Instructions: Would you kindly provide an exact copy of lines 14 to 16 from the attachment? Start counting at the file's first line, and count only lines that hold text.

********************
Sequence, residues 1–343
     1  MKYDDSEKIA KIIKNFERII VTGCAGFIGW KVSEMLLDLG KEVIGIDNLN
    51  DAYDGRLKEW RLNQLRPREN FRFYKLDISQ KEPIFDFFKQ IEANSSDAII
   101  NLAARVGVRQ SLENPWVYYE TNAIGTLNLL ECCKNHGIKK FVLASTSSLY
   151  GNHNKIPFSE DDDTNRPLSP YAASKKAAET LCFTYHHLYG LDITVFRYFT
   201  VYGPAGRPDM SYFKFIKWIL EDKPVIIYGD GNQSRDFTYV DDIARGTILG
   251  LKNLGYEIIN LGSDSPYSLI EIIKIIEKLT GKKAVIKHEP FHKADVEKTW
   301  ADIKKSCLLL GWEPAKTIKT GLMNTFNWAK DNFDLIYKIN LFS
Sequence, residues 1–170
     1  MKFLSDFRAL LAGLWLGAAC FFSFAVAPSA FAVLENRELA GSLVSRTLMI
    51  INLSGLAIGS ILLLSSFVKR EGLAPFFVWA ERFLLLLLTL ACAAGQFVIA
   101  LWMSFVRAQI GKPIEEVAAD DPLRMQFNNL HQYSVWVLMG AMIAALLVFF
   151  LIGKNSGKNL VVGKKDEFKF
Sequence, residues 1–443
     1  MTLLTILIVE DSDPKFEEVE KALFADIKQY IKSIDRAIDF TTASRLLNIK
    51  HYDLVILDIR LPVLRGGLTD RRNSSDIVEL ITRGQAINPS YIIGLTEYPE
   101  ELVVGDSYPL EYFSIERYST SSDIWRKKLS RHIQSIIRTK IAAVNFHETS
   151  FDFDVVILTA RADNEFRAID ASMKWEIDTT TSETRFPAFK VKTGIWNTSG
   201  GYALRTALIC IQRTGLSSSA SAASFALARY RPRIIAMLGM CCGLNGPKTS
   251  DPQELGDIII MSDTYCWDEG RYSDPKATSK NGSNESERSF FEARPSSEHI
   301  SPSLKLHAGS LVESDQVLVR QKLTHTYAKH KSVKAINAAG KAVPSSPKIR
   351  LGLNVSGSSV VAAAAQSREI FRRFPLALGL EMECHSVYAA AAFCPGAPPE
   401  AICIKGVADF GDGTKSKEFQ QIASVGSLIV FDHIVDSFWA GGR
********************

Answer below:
Sequence, residues 1–443
     1  MTLLTILIVE DSDPKFEEVE KALFADIKQY IKSIDRAIDF TTASRLLNIK
    51  HYDLVILDIR LPVLRGGLTD RRNSSDIVEL ITRGQAINPS YIIGLTEYPE